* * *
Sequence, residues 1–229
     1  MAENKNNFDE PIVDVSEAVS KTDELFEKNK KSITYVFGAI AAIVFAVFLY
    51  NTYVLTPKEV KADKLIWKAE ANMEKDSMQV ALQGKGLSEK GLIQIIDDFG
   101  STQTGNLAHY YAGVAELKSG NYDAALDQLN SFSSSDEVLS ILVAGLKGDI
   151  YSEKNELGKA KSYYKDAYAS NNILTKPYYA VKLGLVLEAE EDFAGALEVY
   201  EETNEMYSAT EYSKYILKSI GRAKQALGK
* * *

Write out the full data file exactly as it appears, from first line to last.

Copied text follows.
Sequence, residues 1–229
     1  MAENKNNFDE PIVDVSEAVS KTDELFEKNK KSITYVFGAI AAIVFAVFLY
    51  NTYVLTPKEV KADKLIWKAE ANMEKDSMQV ALQGKGLSEK GLIQIIDDFG
   101  STQTGNLAHY YAGVAELKSG NYDAALDQLN SFSSSDEVLS ILVAGLKGDI
   151  YSEKNELGKA KSYYKDAYAS NNILTKPYYA VKLGLVLEAE EDFAGALEVY
   201  EETNEMYSAT EYSKYILKSI GRAKQALGK